Oh, let me rephrase that… The word ‘primitive’ doesn’t belong here. Not in this society where the scrap of wartime now helps them survive. Maybe we should learn from them. We, in our large houses and with our many possessions and running water and electricity – we keep on making guns and shooting down aeroplanes. We are hamsters on silly little wheels, constantly wanting more. How primitive is that?

I walked out in the sunshine, past the kraal filled with goats and the little ‘hut’ for the chicken swinging gently in the breeze. It contains the eggs, keeping them away from vermin.39

My visit left me wondering whether the minds of these people contained more wisdom than I originally gave them credit for. Are we really sure that our way of life contains everything to make us as happy as they are? 40

Or should we admit that they have more reason to smile than we do? Shouldn’t we discard the trappings of luxury and sit in the sun more often while we contemplate the joys contained in a simpler life?

 

 

Weekly Photo Challenge: Split-second Chameleon.

For this challenge, you have to take an early-morning walk in the Namib Desert. Look carefully for a little fellow that stays in trees in more forgiving surroundings. Here, he makes do with what he’s got: a desert with almost no vegetation. Be careful, for he’s a master at disguising himself.

IMG_2645Okay, you’ve found him. It’s still cold, so he’s turned black to absorb heat. He won’t do much. WAIT…be patient.

IMG_2648There, he’s warmed up, turned pink to ward off the heat, and on the hunt now. More patience, the desert is a big placeIMG_2649At last! He’s found breakfast. But…how long is that tongue?IMG_2651Pick him up carefully. Careful now! He’ll turn blackish again to show his discomfort. Work slowly…his bite is far worse than his bark…IMG_2652Now tempt him with a dead fly. Will he? Won’t he…?

IMG_2653Yessss! There you go. Action shot of a nice, long tongue. It took a few hours (well, it felt like that in the hot sun) but the split-second was worth it, wasn’t it?

Weakly Photo Challenge: The Unexpected Twist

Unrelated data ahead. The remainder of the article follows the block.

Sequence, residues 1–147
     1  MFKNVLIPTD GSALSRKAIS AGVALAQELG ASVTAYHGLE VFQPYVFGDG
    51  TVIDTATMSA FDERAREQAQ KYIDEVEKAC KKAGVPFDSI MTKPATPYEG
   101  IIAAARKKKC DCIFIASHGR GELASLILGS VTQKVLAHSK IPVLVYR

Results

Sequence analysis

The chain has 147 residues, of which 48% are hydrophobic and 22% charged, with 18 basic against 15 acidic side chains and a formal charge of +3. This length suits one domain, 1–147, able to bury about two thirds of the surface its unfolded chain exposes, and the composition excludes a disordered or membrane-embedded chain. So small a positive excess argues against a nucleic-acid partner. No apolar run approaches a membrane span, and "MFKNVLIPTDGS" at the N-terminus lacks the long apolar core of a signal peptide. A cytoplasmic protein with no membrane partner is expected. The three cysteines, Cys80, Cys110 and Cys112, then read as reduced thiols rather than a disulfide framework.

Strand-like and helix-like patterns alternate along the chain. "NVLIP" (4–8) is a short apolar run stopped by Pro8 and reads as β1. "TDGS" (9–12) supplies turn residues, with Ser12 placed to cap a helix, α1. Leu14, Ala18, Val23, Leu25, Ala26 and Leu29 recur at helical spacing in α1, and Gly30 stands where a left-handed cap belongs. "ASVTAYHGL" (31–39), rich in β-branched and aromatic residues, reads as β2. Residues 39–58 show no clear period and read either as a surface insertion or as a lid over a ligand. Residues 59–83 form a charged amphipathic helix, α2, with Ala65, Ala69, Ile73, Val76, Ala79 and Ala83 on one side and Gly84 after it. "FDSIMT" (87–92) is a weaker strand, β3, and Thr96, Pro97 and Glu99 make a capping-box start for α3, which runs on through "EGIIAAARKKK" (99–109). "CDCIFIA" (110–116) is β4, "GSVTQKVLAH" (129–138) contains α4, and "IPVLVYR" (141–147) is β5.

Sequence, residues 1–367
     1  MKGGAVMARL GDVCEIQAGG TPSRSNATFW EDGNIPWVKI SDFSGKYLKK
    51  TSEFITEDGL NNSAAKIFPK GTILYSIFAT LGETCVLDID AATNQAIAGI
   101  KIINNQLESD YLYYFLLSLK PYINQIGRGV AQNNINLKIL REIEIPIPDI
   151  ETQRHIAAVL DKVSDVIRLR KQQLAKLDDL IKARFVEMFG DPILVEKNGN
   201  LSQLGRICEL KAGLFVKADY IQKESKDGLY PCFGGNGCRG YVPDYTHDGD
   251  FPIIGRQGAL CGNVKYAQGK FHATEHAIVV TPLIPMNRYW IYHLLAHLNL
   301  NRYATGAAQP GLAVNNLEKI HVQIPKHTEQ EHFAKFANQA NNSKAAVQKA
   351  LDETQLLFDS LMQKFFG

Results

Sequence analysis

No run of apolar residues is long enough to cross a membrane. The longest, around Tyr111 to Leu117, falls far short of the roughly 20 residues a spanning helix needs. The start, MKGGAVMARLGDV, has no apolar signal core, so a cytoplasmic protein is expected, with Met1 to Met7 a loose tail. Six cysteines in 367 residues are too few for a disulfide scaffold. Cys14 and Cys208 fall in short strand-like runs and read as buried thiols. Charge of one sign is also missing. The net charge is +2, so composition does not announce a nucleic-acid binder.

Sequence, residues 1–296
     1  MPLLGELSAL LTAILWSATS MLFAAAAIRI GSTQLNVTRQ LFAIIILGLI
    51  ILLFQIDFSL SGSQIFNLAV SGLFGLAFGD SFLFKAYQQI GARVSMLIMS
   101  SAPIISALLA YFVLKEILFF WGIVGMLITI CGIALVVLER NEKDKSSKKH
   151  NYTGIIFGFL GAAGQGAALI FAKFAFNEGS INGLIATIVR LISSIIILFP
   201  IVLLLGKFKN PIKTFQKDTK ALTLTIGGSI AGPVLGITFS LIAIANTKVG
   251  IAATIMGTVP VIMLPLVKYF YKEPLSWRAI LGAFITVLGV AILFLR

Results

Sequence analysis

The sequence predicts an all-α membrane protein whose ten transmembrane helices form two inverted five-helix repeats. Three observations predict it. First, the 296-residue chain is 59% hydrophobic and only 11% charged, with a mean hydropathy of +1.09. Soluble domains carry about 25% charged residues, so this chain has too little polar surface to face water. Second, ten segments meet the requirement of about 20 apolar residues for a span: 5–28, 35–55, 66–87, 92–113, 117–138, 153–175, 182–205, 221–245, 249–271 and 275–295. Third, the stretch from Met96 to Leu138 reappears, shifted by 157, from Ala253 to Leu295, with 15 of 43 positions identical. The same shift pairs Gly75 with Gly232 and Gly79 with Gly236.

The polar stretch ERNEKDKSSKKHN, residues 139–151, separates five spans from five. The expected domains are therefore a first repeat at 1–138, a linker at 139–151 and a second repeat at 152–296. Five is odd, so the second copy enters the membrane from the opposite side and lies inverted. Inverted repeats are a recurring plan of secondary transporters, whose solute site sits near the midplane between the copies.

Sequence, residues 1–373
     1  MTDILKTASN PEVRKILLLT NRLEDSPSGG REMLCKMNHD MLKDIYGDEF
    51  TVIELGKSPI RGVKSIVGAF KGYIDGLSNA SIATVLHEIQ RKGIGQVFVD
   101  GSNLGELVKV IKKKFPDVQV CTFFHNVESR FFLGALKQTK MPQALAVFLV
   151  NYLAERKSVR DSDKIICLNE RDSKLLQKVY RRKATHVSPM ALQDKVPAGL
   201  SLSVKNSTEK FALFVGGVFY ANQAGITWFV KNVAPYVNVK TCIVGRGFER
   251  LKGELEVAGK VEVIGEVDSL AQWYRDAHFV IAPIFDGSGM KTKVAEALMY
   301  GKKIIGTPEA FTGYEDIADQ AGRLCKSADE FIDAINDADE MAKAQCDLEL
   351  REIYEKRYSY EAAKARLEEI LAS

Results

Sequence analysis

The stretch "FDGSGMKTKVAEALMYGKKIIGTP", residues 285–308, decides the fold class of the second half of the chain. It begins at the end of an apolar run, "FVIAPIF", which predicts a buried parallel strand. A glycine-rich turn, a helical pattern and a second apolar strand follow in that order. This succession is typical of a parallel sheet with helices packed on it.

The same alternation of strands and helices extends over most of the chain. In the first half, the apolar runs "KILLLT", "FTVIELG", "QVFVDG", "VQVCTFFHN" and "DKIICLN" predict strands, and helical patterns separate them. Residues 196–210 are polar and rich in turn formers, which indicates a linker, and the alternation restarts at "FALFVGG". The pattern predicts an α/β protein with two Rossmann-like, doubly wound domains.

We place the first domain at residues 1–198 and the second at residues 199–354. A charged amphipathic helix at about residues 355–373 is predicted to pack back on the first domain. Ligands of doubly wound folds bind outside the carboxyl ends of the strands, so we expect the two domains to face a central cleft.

What a wonderful theme – and Africa is always so willing to oblige.

It could be an address…

IMG_2914Or a railroad going nowhere:

IMG_2986Or even finding out the Bushmen used the twigs of these plants to be candles at night:

IMG_3245Or finding a stuffed leopard in the bar:

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Or even a tad more bizarre: a live, real, huge, hippo sleeping peacefully in the lounge of your lodge:113

 

Twists in Africa? Of course…they’re everywhere!

Weekly Photo Challenge: Work of Art.

The challenge: “Art” isn’t just paintings and sculptures, it can be anything in which we find beauty and meaning — even food. Show us a thing, place, or person that’s a work of art to you.

Of course this creates a problem when Africa is there to constantly remind you of her beauty. Her plants, trees, sunsets, creatures, people… Where do you start? So here’s a random selection of pictures. They represent memories from recent trips, each of which contributed to the stories on this blog. Which is the masterpiece of Nature’s Art? Your choice…

Weekly Photo Challenge: Monuments in the Veld

Long before Diaz, Da Gama and Van Riebeeck set foot on Southern Africa soil, there were people here – The First People. And they left monuments in the form of petroglyphs to remind us of the delicate balance in Nature.

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The First People regarded the rhino with awe, and even then realised how important it is for later generations to respect the presence of these huge creatures in Nature.

Some animals are depicted as 'getting out of the rock', like this Eland. It s still trapped in the spirit world, waiting for the dream to become reality.

Some animals were depicted as ‘getting out of the rock’, like this Eland. It s still trapped in the spirit world, waiting for the dream to become reality.

They were great artists, leaving us wonderful pictures on their stone monuments.

They were great artists, leaving us wonderful pictures on their stone monuments.

Did they write us a letter in a language we don't understand? Or were they aware of...other things? Distant galaxies perhaps? Foreign visitors?

Did they write us a letter in a language we don’t understand? Or were they aware of…other things? Distant galaxies perhaps? Foreign visitors?

These stones now are scattered across the veld in the Northern Cape; a monument seldom visited and it’s powerful messages lost in translation.  Maybe one day, after the nuclear dust has settled and the last plastic bottle finally decayed, it’ll remain as a reminder of how Man once respected his surroundings…

Weekly Photo Challenge: Reflections of the Cederberg

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Leisure

What is this life if, full of care,
We have no time to stand and stare.

No time to stand beneath the boughs
And stare as long as sheep or cows.

No time to see, when woods we pass,
Where squirrels hide their nuts in grass.

No time to see, in broad daylight,
Streams full of stars, like skies at night.

No time to turn at Beauty’s glance,
And watch her feet, how they can dance.

No time to wait till her mouth can
Enrich that smile her eyes began.

A poor life this is if, full of care,
We have no time to stand and stare.

William Henry Davies